“I was struck even more by a feeling of fragmentation in the writer,…”

    …as I was struck by this writer in the shape of the first-person narrator. Until I was sort of confirmed in this at the end, lending even myself the reader a fragmentation without, for once, its eventual natural gestalt…
    On the face of it, a frightening ghost story with a rationale of why the ghost haunts where it haunts, a tale of an elitist, not snobbish, retreat in an academic-historied house as refuge called eponymously the Place, in the vicinity of Launceston and Bodmin Moor. A momentous inhibition as our narrator finds himself alone in the surrounding wilds when he should be acting sociably or listening to a talk on Beethoven. Hands all over him in a creepy field near a rill he imagines flowing to an empty Hell. I can give you no further clues, for fear of spoilers, other than a diary he thinks he was meant to find on the well-characterised library shelves in this genius loci of various places, the house and the paralysing field, a diary by a young female for this equally young narrator to read – as if the Place is a bin as well as where he’s bin himself, too, or about to go to. A party of kindred spirits?
    This book is full of, not found art, but found documents. The prose is admirably workmanlike and beautifully inspired, but eschews art (other than its story-title illuminations). Hume sweet Hume. ” the absence of all presence…”


    “…the Pléiade editions of Proust and Mallarmé…”

    This, as a sort of sequel to the previous story, is the best story in this book I can safely say having already read the final two stories in the past, if the past is the only place where you can have already read something! The past is a country where they do things differently, as they do in this story. A brilliant whodunnit, with many delicious literary references, among those bright young things of Oxbridge. Where one can literally as well as figuratively get away with murder – like Boris, George and David? Click that link.

  13. I read and reviewed the next story in June 2016, as follows –



    “…a sun setting (or rising) over the sea.”

    A classic Reggification — by a compellingly limpid story of genuinely memorable Machensque weirdness over London skies — of truth and rapture, of vice in danger, of absurdity and religious satire, of all those unpolitically incorrect things going on in the world around Hampstead Heath and Archway Road, behaviour here stared at unswervingly without fear of the social justice warriors tearing it to pieces on-line should they ever get wind of it or, even, without fear of such warriors’ favour when deploying their interpretation of this text and praising, to high heaven, its even higher moral high-ground.
    This whole book, like this story, I already sense, has more than just one face. More than one version of textual interpretation or exegesis as well as more than one version of physical production image. This first story, within it, also has an engaging characterisation of a man in his small flat – someone who has recently split up with his fiancée – and tells of his interface through thin walls with his equally well-characterised but, for me, frightening neighbours, whose High Church draws him into a battle against the dark forces of our End Days, seasoned with sexual undercurrents and switching selves as well as a switching book that contains such selves.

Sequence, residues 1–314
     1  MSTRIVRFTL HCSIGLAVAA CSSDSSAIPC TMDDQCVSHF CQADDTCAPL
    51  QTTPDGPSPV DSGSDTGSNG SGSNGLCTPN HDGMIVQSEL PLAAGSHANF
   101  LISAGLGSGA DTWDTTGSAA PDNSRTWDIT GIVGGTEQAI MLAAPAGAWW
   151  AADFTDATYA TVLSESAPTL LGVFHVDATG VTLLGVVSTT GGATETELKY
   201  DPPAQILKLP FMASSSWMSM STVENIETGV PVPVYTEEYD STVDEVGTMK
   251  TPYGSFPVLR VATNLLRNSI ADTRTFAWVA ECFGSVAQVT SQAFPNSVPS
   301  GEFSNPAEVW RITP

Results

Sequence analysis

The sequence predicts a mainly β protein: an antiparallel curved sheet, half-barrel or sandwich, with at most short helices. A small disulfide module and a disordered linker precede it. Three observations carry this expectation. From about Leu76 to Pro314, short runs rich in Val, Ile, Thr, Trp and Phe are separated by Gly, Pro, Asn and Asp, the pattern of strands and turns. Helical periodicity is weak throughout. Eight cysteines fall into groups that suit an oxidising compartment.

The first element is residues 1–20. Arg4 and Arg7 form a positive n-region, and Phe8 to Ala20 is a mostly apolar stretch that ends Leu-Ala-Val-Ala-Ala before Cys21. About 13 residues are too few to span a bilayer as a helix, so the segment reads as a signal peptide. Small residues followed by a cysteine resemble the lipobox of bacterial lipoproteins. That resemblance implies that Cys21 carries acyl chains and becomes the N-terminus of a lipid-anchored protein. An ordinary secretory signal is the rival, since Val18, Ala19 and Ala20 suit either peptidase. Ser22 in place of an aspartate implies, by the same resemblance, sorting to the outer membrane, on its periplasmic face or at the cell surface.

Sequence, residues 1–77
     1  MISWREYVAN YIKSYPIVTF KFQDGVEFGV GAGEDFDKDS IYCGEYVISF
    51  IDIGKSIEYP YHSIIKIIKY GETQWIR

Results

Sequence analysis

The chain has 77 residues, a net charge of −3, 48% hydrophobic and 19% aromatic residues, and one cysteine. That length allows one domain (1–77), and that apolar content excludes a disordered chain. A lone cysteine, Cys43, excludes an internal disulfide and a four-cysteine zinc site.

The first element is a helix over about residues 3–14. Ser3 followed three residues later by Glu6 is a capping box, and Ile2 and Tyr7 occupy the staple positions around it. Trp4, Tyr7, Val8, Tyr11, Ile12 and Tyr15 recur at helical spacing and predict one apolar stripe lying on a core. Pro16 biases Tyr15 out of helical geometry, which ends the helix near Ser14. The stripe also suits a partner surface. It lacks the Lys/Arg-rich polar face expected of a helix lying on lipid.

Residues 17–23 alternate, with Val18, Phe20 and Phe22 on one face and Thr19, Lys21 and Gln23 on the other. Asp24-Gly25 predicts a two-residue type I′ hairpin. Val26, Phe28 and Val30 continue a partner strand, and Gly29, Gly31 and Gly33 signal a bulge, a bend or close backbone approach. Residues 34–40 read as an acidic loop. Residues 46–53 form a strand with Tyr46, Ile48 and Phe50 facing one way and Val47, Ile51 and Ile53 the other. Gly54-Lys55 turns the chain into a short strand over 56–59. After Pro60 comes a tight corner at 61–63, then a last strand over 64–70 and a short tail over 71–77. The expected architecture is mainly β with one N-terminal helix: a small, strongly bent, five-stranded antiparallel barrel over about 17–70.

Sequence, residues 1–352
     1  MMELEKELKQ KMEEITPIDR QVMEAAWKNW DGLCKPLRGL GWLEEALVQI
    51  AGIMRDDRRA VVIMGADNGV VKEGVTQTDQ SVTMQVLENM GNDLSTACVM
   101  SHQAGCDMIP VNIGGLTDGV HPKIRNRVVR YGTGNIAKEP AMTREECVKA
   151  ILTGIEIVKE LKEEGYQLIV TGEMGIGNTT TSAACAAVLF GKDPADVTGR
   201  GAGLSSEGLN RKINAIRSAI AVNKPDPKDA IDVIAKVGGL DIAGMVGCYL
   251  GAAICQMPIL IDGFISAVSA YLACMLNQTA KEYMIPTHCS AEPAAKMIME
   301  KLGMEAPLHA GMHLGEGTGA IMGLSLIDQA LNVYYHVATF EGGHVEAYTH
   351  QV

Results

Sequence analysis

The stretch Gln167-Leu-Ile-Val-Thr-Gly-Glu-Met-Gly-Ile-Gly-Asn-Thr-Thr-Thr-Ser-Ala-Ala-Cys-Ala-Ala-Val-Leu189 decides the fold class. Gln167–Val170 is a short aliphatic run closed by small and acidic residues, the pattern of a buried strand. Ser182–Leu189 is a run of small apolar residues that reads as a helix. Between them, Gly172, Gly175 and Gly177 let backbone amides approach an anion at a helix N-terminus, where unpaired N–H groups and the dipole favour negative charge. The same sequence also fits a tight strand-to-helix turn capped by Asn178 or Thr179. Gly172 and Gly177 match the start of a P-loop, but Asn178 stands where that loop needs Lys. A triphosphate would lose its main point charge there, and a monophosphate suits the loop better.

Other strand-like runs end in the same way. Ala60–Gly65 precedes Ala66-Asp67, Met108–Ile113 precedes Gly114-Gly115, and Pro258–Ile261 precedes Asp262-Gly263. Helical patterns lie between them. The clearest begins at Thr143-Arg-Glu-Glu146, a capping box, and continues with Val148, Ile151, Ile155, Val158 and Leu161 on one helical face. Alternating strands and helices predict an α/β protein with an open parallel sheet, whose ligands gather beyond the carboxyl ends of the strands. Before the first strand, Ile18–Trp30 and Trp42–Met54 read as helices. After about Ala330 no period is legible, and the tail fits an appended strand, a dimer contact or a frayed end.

14. I read the last story in September 2016 (when I had a brief chance to talk to this author), and reviewed it before that meeting as follows –



    “We were in the middle of September…”

    For those who love the work of Reggie Oliver, this is unquestionably a real treat. I could inadvertently give you many spoilers; all I will say is that I strongly sense the presence here of the personal as well as of the creatively extrapolative – not that “bleak no-man’s-land between tonality and modern atonalism”, but a memory of your past with a certain place and person (since mostly forgotten), a memory experienced before life directed you to another more pre-destined place and person (if pre-destined CAN have a less or more?)
    Certainly the regretful, as well as the assured, and the perceived ‘avant garde’, the characterfulness of various parties of the past extrapolated into the future, even beyond their own capacity to subsist, eventually towards the ghostly, as if the ghostly can also have a ‘more’ or ‘less’ attached to it. A musical comparativeness. A performance still to be perfected. All possible paths of pre-destination equally to have been loved and responsibly exploited, whichever path it had turned out to be.
    The feelings of this deceptively powerful work continue to resonate… It is the apotheosis of Uncertainty, or a Certainty that Uncertainty is the optimum Certainty. I have a feeling that these two volumes of stories are full of things where the authors have truly given of their best, these being some of my genuinely favourite writers in what I see as the genre I was always pre-destined to love, but now seen, in sudden memory, as this genre of Uncertainty, a pre-destiny now clinched to house them. Tomorrow, I might have forgotten what I thought. But not now, having written it down here.


    I shall now read for the first time this book’s Introduction by Robert Shearman and Afterword by Reggie Oliver. I am sure these will give me more food for thought.